The 13 types of Galapagos Finches

How did one species of bird get thirteen different beaks?

What are they?

They are around thirteen bird species in the Galapagos Islands. Some Islands have slightly different habitats which house the finches. The only difference in the birds is that they have different beaks for certain jobs, like eating seeds. They are also named Darwin's finches.

Who discovered these birds?

You may have heard about him. Charles Darwin found these birds on a voyage in the 1800's. They are the perfect example of natural selection because they all are mostly the same except their beaks. For example on one of the islands the birds had longer beaks for eating insects and on another island the birds have shorter beaks for eating fruit. It is important to remember that animals do not chose to evolve, mutations and natural selection is what causes organisms to change over time.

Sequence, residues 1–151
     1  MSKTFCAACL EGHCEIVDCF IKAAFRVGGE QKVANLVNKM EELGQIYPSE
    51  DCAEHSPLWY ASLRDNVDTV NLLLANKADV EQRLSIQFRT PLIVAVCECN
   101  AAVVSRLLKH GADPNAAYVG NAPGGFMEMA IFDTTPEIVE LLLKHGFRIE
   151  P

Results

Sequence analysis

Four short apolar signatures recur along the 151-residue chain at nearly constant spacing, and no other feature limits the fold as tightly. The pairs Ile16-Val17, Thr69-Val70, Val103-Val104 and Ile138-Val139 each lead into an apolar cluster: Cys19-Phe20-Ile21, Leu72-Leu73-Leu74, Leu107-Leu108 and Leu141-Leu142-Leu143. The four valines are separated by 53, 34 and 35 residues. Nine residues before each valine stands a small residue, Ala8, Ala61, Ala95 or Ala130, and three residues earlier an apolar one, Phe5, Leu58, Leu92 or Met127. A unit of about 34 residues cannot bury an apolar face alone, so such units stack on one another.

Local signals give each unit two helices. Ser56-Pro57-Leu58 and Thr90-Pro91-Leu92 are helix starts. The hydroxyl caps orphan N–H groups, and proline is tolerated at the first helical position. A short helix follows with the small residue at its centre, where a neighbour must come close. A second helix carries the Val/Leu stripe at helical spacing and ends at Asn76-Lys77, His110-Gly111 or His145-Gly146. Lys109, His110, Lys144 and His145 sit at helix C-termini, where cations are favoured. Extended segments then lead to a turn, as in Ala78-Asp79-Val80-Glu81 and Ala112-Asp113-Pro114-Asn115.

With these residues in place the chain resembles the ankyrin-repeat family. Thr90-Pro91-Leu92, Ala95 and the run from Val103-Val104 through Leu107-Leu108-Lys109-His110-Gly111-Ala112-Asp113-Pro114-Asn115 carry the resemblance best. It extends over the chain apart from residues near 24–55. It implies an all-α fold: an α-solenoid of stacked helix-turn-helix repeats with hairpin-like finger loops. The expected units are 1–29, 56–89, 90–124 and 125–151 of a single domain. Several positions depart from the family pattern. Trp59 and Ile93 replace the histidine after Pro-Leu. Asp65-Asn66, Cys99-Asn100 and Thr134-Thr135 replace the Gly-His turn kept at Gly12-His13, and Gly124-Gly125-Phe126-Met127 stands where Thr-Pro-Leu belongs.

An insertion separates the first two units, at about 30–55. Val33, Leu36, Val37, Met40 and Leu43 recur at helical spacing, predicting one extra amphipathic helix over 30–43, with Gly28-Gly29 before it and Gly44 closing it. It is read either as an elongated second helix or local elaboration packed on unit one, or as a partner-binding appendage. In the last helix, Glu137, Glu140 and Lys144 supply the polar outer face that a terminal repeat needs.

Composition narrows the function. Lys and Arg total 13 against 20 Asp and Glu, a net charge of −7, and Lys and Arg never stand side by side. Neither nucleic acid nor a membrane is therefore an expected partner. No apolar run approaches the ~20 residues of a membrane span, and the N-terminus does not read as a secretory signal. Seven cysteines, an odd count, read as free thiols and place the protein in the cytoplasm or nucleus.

Why are they different?

Each island has a different bird suited for that environment. For example a small finch with a long, slim beak is better suited for a habitat that has insects in hives or other shelters. Meanwhile, another island has lots of fruit trees so the finches probably have short, large beaks for eating fruit. If the bird with the longer beak lived on the island instead it would die off. But what if that bird population had a mutation that was in only a few birds and lets say it caused their beaks to be a little shorter. The finches with the longer beaks have less of a chance to survive and the birds with the mutation had a better chance to survive. Eventually the birds with the mutation would reproduce and their offspring would have it as well but the birds without the mutation would either die off or not have a chance to reproduce. After a few generations the birds with the shorter beaks would be thriving while the original birds wouldn't be on that island. This is why natural selection depends on the environment.

Some Examples Of Darwin's Birds.